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Old 12-02-2007, 01:20 AM   #1
angel_gazer
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Question Winter camping - basic questions

Good day!

My boyfriend and I fell in love with the 'dacks last summer and have been getting down to the mountains as often as possible to scramble up them....he's at 25 and I'm at 17 so far! Woo hoo!!! We love the stories, photos and mud we come out of the woods with!

Anyways, we have met many 46er's in our voyages strongly recommending trying a mountain or two in the winter. We're very interested (fewer crowds and newer challenges) but want to be smart about it (and I think we just need a little push of confidence to get us out there).

1) Is there a course offered regarding winter camping specifically (ie familiarizing winter campers with avalanche tips, particular gear, weather, additional 'survival' tips etc) and if so, would you recommend doing it?

2) Is there a guide or website that you folks would recommend (other than this fantastic forum of course!)?

3) What would be some good starter/practice trails/peaks?

4) Is there particular gear that we definately need to invest in for winter conditions (avalanche kit/poles, -?C sleeping bag, crampons, etc)

We also wish to try snowshoeing (we're under 200 lbs each with gear)...so.......

5) What would be a good recommendation for beginner snowshoes? MSR Denalis - evo? ascent??

I'm scouring the forum for info (and OD'ing on it!!!!) so any tips or recommendations would be greatly appreciated! We do consider ourselves to be in good shape and definately wish to try this experience as it sounds awesome, but don't want to be over-ambitious! (feldspar LT to grey to marcy to haystack to skylight back to feldspar LT in one day = over-ambitious :P )

Cheers!
~ang
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Last edited by angel_gazer; 12-02-2007 at 02:19 AM..
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Old 12-02-2007, 02:11 AM   #2
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Cascade and Porter would be good places to start. Crampons are more useful than snowshoes, as most of the more popular peaks are packed out all the time. Take ski poles. A big parka that you can pull on over everything else if you get cold, spare dry hat, mittens, a good headlamp with lithium batteries...
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Old 12-02-2007, 04:47 AM   #3
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I agree that Cascade and Porter are very good winter peaks. I'd also like to add St. Regis Mtn as well...I know its not a high peak, but it offers excellent views and is very winter friendly.

For gear, I believe that snowshoes are required on certain peaks in the wintertime. My wife and I both have MSR's. They are a great value and very sturdy. Personally, I don't think they float very well in deep, unpacked powder, but on the trails you will be fine. If you've never snowshoed before, definitely use some ski or treking poles. As a side note, I have had problems getting my telescoping poles to lock in place when its really cold.

Crampons are nice to have, I have hiked with some people who prefer them, and others that don't use em at all.

There are some good posts on winter gear, so I won't list everything, but here's my usual winter setup:

TNF Mountain 25 tent - yes its heavy, but I prefer a tent to a leanto in the winter
0 degree sleeping bag
Closed-cell foam sleeping pad - I retire my Therm-a-Rest in the winter. I found it too cold
small snow shovel
water filter and backup Iodine tabs - pump style filters will (and have for me) freeze. The pills are a backup.

If you want to get some practice winter camping, try Marcy Dam or the general Loj area. If you have problems with the cold, you can always pack out to the car pretty quickly.
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Old 12-02-2007, 11:40 AM   #4
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Originally Posted by rongoodman View Post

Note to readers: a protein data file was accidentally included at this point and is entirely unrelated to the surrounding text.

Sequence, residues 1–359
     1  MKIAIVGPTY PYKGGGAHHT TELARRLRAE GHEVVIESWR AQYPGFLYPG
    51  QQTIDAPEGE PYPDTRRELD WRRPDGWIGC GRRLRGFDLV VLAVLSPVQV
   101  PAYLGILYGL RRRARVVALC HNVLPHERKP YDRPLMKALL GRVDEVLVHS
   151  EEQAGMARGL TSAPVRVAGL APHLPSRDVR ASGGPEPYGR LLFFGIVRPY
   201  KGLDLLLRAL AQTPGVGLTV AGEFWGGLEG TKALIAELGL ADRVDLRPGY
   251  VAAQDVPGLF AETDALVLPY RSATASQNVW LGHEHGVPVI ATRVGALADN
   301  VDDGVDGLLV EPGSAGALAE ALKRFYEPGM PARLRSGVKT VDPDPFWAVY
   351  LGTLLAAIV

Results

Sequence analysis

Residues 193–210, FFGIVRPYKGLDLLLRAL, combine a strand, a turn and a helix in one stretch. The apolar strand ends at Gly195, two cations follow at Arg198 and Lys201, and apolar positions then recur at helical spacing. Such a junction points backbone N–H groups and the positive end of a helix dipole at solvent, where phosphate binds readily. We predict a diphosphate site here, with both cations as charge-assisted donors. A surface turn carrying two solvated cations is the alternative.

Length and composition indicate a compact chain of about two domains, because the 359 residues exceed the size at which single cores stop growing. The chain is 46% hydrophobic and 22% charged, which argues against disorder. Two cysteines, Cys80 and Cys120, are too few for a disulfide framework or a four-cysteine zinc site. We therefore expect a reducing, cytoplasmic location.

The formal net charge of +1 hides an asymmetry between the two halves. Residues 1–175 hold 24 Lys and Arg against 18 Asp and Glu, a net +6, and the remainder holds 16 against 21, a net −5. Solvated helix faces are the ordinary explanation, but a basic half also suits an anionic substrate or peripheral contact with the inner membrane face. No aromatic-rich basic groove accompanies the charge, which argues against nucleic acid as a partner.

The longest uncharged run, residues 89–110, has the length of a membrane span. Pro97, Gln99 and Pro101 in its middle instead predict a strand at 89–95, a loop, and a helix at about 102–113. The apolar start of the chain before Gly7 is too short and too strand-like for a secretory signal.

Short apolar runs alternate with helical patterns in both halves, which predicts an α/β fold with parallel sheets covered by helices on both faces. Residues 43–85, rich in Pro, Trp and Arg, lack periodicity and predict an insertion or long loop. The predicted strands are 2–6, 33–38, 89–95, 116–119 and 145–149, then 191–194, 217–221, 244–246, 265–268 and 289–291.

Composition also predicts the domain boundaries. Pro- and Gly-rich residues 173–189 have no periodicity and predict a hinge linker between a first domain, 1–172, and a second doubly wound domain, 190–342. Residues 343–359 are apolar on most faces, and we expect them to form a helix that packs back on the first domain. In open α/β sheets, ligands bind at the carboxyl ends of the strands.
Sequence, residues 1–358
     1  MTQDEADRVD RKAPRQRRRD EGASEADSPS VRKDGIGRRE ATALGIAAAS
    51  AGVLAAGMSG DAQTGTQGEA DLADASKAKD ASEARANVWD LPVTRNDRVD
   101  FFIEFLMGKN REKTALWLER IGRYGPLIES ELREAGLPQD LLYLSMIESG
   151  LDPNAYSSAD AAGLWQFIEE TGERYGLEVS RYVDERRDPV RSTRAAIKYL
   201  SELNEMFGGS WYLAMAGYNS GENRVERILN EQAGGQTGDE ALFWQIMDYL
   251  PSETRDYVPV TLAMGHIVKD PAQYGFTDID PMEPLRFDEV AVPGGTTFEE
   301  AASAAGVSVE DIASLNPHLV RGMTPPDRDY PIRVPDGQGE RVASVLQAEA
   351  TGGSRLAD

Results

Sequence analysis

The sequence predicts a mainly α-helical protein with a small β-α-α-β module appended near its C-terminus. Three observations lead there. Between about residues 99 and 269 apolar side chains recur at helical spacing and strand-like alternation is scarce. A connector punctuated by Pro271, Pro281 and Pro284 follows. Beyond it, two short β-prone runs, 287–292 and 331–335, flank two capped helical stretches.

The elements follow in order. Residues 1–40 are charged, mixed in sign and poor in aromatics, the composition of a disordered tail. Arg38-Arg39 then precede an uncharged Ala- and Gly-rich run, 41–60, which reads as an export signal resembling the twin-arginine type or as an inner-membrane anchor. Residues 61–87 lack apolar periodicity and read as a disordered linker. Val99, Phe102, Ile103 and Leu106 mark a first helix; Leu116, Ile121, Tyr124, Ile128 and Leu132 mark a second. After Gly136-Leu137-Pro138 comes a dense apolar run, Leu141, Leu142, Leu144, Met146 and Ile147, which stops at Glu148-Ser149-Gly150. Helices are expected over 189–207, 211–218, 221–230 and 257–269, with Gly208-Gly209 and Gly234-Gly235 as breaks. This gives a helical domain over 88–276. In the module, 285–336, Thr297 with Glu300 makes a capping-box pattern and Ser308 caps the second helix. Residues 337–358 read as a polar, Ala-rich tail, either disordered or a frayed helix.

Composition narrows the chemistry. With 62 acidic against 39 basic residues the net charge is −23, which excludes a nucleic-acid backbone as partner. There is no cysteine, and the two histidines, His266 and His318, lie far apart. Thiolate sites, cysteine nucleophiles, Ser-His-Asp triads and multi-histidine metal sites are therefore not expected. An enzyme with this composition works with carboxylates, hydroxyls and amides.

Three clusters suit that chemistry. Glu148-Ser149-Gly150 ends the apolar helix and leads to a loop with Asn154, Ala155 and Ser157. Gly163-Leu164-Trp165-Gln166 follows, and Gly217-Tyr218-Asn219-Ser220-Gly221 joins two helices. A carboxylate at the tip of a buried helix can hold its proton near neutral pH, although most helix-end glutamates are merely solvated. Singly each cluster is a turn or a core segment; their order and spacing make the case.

Crampons are more useful than snowshoes, as most of the more popular peaks are packed out all the time.
Speaking as someone who has just a few peaks left for the winter 46, this is 100% patently false, and the implication that snowshoes are unnecessary is liable to get someone killed. The only time I have ever climbed a winter peak without using (and needing! -- I'll be the first to not bother with snowshoes when they're unnecessary) snowshoes was last "winter" before snow finally came. And as buckethead said, you're required to have skis or snowshoes in the high peaks when there's more than a few inches of snow on the ground (six or eight inches is the magic number, if I recall correctly).

Angel, as for your original question I would recommend starting out doing some winter day hikes before jumping into winter camping. There are a number of high peaks that are easily done in a day (Cascade & Porter, Algonquin, Phelps, Big Slide, etc) to make sure you really like the whole winter thing; some people don't. Better to find that out before buying a whole bunch of expensive winter gear.

ADK offers a winter mountaineering school and a winter camping workshop; details are on their website at www.adk.org under Education. I can't vouch for either because I've never taken them.

As for gear, I'll second most of what buckethead said. I also have MSR snowshoes, which are great on most trails in the high peaks because it's not unconsolidated powder. But when bushwhacking in several feet of powder last February after the big storm, they weren't ideal. Personally I'd go with a sleeping bag rated to -15F or below (mine's a -35F), that way you don't have to worry about the temperature dropping a few degrees colder than the forecast. And I just boil snow for water, rather than treating it. I now use an MSR MugMate (intended to be used to make coffee) as a filter to get the pine needles and other floaters out of the melted snow, but I just drank it straight for years and it didn't kill me. I've never brought or felt the need to bring an avalanche kit, but maybe if I was going slide climbing.
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Old 12-02-2007, 11:57 AM   #5
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I understand that wearing snowshoes is required on trails that are used for skiing, such as into Marcy Dam, and that DEC regulations require that they be carried in winter conditions. That being said, I've seen a lot more snowshoers skating around on exposed icy slabs than I've seen crampon wearers sinking into deep snow. Obviously, things are different off the beaten path, such as the trailless peaks, but these probably aren't someplace beginning winter hikers are going to be.